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    A Denver Colorado Juvenile Crimes Lawyer Explains the Two Kinds Of “Juvi” Jail – DYC and YOS

    By H. Michael Steinberg Colorado Juvenile Crimes Criminal Defense Lawyer – Email the Author at [email protected]

    A Denver Colorado Juvenile Crimes Lawyer Explains the Two Kinds Of “Juvi” Jail - DYC and YOSA Denver Colorado Juvenile Crimes Lawyer Explains the Two Kinds Of “Juvi” Jail – DYC and YOS – The most frightening call for a parent is – your child is in detention. At a sentencing hearing for a juvenile – it is a sentence to juvenile prison or jail that makes the heart sink.

    In 2011 Colorado closed two youth detention centers because the number of juveniles held in locked facilities dropped to 1998 levels.

    That drop reflects a national trend and the decrease is partly the result of juveniles being moved from locked facilities and into private community-based residential programs expecially those who have primarily substance- abuse issues.

    This brief article addresses the two kinds of “juvi” sentencing options that explain where you or your child will end up.

    Two Kinds Of Juvenile Jails – DYC and YOS

    Colorado, unlike many states, has two individual and completely separate systems for the detention (temporary jailing) or commitment after a sentencing in juvenile court (punishment for being “adjudicated a delinquent child” that is after being convicted of a juvenile crime).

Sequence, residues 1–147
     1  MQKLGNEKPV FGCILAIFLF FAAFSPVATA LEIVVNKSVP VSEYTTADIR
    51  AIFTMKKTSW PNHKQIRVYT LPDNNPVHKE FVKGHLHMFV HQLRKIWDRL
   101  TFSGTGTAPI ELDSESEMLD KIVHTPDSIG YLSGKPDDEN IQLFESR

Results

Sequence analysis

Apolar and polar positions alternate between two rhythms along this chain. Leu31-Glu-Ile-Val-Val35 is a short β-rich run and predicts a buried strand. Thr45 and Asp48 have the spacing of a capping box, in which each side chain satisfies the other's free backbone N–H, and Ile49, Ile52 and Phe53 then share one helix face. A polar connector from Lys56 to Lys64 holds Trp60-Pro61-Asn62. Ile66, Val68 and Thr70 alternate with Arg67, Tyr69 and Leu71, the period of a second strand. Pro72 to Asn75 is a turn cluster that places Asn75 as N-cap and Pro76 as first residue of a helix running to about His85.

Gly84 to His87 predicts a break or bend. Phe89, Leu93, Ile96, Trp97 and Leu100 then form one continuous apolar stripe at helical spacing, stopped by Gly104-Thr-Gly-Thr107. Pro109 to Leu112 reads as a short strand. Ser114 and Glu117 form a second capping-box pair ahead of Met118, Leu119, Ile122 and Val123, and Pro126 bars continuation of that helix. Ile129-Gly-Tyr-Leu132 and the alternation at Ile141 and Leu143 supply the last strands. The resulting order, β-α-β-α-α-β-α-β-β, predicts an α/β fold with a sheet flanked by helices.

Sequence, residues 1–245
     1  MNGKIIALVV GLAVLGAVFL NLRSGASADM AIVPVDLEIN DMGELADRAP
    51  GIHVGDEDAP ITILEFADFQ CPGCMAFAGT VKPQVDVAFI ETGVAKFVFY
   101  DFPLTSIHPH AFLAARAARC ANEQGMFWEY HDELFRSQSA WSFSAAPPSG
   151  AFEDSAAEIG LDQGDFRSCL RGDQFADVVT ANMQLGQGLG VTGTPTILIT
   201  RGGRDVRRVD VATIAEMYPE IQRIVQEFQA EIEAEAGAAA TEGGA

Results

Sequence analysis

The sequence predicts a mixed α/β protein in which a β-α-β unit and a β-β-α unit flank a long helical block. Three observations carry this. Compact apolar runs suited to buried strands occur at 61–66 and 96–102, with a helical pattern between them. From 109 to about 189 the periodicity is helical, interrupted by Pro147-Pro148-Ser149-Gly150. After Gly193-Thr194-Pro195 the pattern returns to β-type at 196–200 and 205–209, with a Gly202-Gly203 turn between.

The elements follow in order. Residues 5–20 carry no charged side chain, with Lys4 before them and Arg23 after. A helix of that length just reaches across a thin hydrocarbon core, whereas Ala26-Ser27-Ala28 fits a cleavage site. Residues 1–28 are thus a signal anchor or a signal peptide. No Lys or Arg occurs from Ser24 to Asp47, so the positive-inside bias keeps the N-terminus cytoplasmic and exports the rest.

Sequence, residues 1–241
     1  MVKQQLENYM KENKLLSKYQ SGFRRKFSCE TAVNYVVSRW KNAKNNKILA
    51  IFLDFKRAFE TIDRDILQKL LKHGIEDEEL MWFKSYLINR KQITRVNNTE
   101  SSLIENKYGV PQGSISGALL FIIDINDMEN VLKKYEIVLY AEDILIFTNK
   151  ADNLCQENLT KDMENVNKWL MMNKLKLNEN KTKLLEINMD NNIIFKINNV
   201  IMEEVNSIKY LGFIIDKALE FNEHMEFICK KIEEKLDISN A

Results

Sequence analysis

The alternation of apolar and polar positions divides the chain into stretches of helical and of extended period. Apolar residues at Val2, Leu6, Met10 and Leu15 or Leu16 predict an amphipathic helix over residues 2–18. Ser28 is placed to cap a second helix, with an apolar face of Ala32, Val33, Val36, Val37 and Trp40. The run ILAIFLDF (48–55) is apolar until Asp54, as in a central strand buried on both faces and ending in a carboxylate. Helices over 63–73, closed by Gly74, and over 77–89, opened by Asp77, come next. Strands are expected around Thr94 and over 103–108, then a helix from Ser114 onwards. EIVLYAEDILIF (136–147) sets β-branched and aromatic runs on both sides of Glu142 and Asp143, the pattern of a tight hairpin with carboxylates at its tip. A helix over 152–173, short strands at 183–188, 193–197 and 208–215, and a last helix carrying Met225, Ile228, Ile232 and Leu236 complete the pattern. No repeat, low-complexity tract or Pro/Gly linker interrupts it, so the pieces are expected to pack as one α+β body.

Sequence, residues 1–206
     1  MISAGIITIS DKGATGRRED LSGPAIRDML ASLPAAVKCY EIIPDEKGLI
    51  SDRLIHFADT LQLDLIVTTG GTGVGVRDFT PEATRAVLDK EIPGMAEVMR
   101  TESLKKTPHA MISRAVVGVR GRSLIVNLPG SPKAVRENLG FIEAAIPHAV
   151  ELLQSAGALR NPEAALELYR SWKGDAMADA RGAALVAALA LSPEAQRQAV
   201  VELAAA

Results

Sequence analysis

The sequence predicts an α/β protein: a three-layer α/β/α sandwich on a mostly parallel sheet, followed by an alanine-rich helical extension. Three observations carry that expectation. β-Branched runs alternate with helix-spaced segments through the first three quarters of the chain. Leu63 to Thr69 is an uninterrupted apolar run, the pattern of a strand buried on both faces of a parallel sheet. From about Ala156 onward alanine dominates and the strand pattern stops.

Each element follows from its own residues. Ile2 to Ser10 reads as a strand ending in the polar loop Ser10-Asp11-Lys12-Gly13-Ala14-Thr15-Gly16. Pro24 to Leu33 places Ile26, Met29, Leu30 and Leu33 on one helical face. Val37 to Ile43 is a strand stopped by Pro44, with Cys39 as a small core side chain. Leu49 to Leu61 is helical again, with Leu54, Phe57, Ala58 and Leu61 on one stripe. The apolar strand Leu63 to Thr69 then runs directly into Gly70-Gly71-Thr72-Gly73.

The most recognized of these two systems is The Division of Youth Corrections (DYC) which falls under Colorado’s Department of Human Services (DHS). The equivalent of adult prison for juveniles in the Colorado juvenile justice system – is known as The Colorado Youthful Offender System (YOS). The Youthful Offender System (YOS) is part of the Colorado Department of Corrections (CDOC or DOC) and was created to house juvenile offenders convicted as adults for adult type felonies.

    The call you receive in the middle of the night will most likely originate at one of the ten detention centers run by DHS.

     I. The Colorado Division Of Youth Corrections (DYC)

    Both systems function to “detain” a juvenile  – (a nice word for incarceration) – both provide “commitment”  “treatment services,” both carry out sentencing requirements and function in the area of parole and release.

    DYC has a dual function. DYC is not only responsible for operating juvenile detention facilities but it is required by Colorado law to “provide for the care and supervision of youth committed by the District Court to the custody of the Colorado Department of Human Services.”

    DYC has ten facilities that incarcerate children between 10-18 who:

    1. Are awaiting resolution of their criminal cases “pre-adjudicated”

    2. Have been sentenced to a term of incarceration “committed” to detention for a period of time permitted under Colorado law.

    Colorado’s Detention (Juvenile Jail) Facilities – DetentionColorado Juvenile Detention Facilities

    Click on the Image to Enlarge:

    If you or your child is awaiting trial and have not bonded or been permitted to post a bail bond – – you will be placed in a “Detention Facility intended for youth awaiting trial.